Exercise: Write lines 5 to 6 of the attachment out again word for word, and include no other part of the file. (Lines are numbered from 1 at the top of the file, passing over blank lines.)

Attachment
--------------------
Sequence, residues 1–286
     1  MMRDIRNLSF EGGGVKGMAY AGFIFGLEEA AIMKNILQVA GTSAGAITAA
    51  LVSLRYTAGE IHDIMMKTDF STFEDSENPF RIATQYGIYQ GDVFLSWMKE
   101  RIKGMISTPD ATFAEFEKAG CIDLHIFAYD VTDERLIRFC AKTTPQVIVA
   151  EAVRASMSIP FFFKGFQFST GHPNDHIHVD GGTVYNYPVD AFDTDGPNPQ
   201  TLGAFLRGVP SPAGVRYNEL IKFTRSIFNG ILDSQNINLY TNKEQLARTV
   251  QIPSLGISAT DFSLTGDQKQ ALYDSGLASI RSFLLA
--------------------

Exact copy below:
   151  EAVRASMSIP FFFKGFQFST GHPNDHIHVD GGTVYNYPVD AFDTDGPNPQ
   201  TLGAFLRGVP SPAGVRYNEL IKFTRSIFNG ILDSQNINLY TNKEQLARTV